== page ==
|Rage Against the Machine||Releases|
Rage Against the Machine
Rage Against the Machine - Renegades:
Released December 5, 2000, on Epic records. (Sony)
Produced by: Rick Rubin and Rage Against the Machine
Guity Parties: Zack de la Rocha - Vocals, Tom Morello -
Guitars, Tim Bob - Bass, and Brad Wilk - Drums.
Contains tracks: Microphone Fiend, Pistol Grip Pump, Kick Out the Jams, Renegades of Funk, Beautiful World, I'm Housin', In My Eyes, How I Could Just Kill a Man, The Ghost of Tom Joad, Down on the Street, Street Fighting Man, Maggie's Farm
Total Running Time: Sideways 8
Rage got together in late 2000 to record some B-sides of cover songs the band wanted to play. With Rick Rubin, the band listened to hundreds of songs and noted the members' favorites, eventually narrowing it down to a mix of 12 songs. "What began as a couple of bonus tracks has blossomed into one of the most powerful records of our career. There has never been another album like this where a band like Rage Against The Machine has recorded an entire CD of revolutionary versions of classic hip-hop and rock songs. We attack these songs with the same irreverence for convention with which they were written," said Morello.
Microphone Fiend (Eric B and Rakim)
Eric B and Rakim helped create rap's Golden Age in the late 1980s, and "Microphone Fiend," from their 1988 Follow the Leader album, was their anthem.. Deejay Eric B, a former radio disc jockey, wrote the song but it's rapper Rakim who put it across, in all its mic melting glory: The lyric says he's got "a cravin' like a fiend for nicotine" and pledges allegiance to the whole idea of hip-hop as music that has to be done right to live up to its potential: "You didn't keep the stage warm / Step off!" The intensity of the music makes its plain that it's the musician's job to heat things up and keep the flame going. The best musical connection to the Rage version is the great bass line, though.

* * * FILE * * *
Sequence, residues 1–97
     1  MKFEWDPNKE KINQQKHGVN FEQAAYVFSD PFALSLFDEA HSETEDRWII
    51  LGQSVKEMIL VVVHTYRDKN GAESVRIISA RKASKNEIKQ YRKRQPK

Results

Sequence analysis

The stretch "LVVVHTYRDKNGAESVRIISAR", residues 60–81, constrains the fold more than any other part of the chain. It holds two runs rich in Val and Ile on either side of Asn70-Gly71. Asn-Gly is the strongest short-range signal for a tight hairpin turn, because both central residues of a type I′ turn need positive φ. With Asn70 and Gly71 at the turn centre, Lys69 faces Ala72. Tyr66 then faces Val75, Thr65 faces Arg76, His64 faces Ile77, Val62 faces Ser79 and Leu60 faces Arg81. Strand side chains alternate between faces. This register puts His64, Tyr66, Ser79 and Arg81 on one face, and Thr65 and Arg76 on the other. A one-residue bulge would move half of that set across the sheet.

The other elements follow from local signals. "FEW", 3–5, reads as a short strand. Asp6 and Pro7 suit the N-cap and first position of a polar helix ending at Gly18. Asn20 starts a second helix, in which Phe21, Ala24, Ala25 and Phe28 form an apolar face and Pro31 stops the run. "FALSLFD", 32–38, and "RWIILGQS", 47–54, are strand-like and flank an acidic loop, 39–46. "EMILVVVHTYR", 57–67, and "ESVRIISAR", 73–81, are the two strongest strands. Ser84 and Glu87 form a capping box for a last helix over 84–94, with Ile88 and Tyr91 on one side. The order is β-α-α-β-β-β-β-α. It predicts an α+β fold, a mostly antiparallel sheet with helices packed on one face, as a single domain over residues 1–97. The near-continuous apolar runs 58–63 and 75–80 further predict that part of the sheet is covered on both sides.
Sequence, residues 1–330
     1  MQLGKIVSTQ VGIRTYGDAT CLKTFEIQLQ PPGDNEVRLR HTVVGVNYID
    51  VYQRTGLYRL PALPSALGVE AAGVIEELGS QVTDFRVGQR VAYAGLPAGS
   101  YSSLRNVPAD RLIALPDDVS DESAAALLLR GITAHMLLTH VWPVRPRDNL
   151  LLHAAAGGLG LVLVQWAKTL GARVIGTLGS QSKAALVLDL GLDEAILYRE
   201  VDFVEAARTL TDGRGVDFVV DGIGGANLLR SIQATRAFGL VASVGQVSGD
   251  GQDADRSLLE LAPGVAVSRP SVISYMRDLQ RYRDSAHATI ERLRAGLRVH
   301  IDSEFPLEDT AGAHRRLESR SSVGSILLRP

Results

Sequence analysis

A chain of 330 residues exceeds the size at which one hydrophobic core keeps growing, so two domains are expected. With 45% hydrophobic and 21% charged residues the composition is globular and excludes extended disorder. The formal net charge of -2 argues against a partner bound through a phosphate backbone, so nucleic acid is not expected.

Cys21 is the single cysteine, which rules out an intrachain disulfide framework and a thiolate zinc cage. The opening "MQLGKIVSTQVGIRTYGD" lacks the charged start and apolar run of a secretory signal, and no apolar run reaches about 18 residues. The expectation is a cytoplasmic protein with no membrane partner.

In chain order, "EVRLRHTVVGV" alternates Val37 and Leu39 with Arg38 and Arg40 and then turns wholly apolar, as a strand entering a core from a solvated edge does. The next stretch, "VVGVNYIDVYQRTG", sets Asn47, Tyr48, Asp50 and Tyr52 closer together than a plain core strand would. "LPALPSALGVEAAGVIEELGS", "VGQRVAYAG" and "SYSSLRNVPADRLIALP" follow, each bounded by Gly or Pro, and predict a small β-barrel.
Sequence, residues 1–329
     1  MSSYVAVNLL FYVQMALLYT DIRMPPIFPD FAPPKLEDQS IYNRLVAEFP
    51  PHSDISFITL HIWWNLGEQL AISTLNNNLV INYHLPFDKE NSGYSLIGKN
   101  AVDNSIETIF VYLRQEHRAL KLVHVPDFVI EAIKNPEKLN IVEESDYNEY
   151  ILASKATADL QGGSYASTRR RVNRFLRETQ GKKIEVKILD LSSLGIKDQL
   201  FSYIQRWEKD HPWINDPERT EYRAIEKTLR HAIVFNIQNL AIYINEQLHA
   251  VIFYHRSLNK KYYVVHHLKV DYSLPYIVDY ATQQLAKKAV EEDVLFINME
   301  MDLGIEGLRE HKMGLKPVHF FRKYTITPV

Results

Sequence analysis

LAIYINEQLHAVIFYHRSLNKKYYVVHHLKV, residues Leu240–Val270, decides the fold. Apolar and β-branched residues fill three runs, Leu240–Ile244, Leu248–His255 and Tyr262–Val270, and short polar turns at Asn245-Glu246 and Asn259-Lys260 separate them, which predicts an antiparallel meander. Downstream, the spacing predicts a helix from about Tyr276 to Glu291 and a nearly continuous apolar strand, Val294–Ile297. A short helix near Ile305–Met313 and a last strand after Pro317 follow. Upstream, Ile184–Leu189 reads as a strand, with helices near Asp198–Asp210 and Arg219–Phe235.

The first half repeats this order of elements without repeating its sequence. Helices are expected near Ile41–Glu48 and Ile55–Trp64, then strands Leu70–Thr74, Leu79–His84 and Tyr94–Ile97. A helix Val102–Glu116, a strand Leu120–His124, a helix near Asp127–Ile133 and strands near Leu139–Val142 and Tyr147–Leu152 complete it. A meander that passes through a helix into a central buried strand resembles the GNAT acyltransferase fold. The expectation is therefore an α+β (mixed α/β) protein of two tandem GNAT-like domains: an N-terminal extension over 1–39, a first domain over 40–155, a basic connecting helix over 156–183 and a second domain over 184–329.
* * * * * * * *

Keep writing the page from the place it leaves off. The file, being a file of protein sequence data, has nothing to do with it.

Pistol Grip Pump, Volume 10
This gangsta-ish rap from 1994's Hip-Hopera album actually got on the radio enough to make the pop charts, but censorship forced a title change (to just "Pump"). Produced by the Baka Brothers, it roars like N.W.A, which is fitting because this is prime West Coast hip-hop, although the music's based on a theme taken from Roger Troutman's great Midwestern funk group, Zapp. This time, the anthem is devoted to solidarity and the right to self-defense.
Kick Out the Jams, MC5
The MC5 roared out of Detroit in 1969 to become the most direct precursors of today's loud, hard rock and politics. Their White Panther Party proclamations, based in part on the Black Panther Party program, crossed racial barriers in similar ways. And their music with its rank of distorted guitars and hyped-up garage band rhythms lead directly to punk's metallic edge. "Kick Out the Jams" sports an amazing set of lyrics, the story of a band toking up in the dressing room, preparing to assault the stage. "Kick out the jams, motherfuckers!" was the cry that opened every MC5 show, shorthand for the band's message to wimpier acid-rockers: "Kick out the jams or get off the stage." The rock and roll version of "Microphone Fiend."
Renegades of Funk, Afrika Bambaataa and SoulSonic Force